Pleïad - Lights in a Cave

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Pleïad - Lights in a Cave



Rock music usually is a bit too soft and too light-hearted for the average metal fan. However, once in

a while a band succeeds in crossing the thin line between the two genres and gaining respect on both

sides. To gain this respect, a band has to know a thing or two about songwriting, technical abilities and atmosphere. Here's one of those bands that balance on this fragile line and are even able to write powerful sing-along songs that could reach the charts.


We're back in France, Lyon this time, and we're about to go on a progressive rock journey with an experienced quartet. Pleïad was formed in 2009 and has been writing solid rock songs ever since. They

incorporated influences from bands like Anathema, Thrice and Biffy Clyro and blended it into very radio friendly but powerful pop rock. This aspect makes the music suited for live stages as well as in a quiet, cosy living room.


The main focus seems to be on writing well-varied songs loaded with personal emotions. Mainly in the vocals this emotional state shines through, often turning the songs into elaborate and almost epic

stories. It's this perfect mix between instrumental, at times almost Pink Floyd-like passages with soft but powerful vocals that make songs like 'Disequilibrium' and 'Superego' world class material.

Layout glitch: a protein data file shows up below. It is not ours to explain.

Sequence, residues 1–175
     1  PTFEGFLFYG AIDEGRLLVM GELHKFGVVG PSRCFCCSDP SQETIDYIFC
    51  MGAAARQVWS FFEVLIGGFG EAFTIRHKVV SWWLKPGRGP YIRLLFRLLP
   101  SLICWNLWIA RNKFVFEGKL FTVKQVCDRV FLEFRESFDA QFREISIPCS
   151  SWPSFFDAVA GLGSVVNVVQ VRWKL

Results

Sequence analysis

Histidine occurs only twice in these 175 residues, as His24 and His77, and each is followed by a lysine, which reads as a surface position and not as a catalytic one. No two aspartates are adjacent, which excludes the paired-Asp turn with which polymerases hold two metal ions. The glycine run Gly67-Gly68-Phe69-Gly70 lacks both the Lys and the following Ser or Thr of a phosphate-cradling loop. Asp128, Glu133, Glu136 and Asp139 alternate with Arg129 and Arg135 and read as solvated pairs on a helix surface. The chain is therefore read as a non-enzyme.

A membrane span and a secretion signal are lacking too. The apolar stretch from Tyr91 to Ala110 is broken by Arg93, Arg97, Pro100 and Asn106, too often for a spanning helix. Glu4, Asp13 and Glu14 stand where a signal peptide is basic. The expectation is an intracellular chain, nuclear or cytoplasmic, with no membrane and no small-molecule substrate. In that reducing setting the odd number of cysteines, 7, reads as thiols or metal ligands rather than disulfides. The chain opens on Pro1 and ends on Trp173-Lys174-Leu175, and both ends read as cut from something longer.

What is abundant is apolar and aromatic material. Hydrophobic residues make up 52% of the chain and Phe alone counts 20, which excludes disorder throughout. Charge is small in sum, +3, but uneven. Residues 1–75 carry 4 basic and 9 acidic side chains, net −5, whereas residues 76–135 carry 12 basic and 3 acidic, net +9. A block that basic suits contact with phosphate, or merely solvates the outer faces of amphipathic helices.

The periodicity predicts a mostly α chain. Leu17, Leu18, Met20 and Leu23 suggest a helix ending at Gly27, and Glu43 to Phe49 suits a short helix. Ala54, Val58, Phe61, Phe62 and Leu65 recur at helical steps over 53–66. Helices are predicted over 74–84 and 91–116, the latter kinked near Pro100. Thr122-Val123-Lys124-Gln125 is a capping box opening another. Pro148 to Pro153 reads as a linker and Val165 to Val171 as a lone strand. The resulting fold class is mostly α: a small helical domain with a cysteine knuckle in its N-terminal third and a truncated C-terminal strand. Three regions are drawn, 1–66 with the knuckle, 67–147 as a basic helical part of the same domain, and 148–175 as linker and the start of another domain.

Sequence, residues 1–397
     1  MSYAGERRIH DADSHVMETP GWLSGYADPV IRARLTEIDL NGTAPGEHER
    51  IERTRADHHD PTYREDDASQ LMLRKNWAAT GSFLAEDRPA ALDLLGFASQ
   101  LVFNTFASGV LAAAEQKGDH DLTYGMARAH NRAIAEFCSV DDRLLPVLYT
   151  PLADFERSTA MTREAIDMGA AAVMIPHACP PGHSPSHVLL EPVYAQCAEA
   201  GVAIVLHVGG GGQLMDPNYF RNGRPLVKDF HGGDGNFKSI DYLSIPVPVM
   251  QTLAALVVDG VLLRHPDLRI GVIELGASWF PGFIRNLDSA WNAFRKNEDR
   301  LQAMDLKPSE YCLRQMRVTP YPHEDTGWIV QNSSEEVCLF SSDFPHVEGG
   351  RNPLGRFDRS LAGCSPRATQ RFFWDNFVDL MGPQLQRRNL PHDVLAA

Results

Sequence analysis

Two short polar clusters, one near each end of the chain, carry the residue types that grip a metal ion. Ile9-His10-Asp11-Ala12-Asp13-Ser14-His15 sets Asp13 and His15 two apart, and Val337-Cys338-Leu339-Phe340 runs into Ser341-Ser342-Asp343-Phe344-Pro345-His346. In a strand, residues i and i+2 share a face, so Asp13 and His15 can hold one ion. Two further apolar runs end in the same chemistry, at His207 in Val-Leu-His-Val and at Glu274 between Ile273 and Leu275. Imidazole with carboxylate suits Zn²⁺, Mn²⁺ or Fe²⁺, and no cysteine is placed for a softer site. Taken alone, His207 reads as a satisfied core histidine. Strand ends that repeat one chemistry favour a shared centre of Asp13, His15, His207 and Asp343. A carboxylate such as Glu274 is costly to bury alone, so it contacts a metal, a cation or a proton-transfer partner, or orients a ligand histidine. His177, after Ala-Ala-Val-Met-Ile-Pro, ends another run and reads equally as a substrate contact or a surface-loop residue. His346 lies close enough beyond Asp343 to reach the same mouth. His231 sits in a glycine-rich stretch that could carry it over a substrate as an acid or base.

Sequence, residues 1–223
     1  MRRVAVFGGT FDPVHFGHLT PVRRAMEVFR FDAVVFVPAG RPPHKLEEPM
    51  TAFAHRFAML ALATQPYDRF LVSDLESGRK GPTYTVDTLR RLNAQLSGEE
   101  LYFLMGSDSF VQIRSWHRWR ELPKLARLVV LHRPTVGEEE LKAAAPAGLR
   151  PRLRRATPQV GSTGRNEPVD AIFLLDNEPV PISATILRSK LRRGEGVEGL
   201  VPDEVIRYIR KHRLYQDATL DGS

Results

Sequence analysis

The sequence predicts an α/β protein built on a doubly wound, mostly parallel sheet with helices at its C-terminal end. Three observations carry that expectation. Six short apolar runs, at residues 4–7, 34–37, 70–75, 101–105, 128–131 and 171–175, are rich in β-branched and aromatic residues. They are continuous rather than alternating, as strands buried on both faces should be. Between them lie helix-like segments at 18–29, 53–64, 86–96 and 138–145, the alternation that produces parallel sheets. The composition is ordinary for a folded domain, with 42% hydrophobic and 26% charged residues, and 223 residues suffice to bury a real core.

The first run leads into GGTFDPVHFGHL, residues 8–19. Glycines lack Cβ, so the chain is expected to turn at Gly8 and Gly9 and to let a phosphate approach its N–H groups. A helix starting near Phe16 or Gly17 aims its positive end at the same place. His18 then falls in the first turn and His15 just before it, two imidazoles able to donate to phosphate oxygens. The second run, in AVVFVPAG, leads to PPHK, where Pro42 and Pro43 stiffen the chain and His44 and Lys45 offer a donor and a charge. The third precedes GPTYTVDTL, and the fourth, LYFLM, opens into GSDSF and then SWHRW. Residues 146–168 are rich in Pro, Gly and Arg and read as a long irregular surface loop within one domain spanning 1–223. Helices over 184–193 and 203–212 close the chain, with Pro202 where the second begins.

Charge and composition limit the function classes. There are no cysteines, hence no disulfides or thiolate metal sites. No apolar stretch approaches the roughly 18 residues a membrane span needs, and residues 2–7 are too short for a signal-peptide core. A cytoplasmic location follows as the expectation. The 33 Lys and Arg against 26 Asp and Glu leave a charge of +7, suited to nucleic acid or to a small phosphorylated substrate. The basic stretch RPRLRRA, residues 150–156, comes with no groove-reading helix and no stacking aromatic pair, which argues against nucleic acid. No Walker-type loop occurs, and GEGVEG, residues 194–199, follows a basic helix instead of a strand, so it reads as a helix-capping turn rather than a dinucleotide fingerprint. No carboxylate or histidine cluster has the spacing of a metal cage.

The vocals might take some getting used to, not because they're bad but because at a certain point they reach a poppy, almost sing-along like level. For die-hard rockers these vocals could sound a bit too goody-goody.


Yet, in all honesty, this really is an excellent album that has the power to put a smile on the face of many music lovers. Most of the songs are modern-day versions of beautiful classic rock ballads. Following almost similar patterns of quiet verses, heavier choruses and epic guitar solos, the eight songs on Lights in A Cave should be able to convince the old rocker as well as the young music fan who loves to discover new things.


And the metalhead? Well, if he's into progressive music on a decent technical level, he should give this band a chance. It's a nice addition to any collection where bands like Anathema, Biffy Clyro, Evergrey, Deep Purple, Dream Theater and Thrice are residents. I strongly believe even the metalhead will start singing along with the powerful choruses once in a while. So give this album a shot, I think you will surprised in a good way.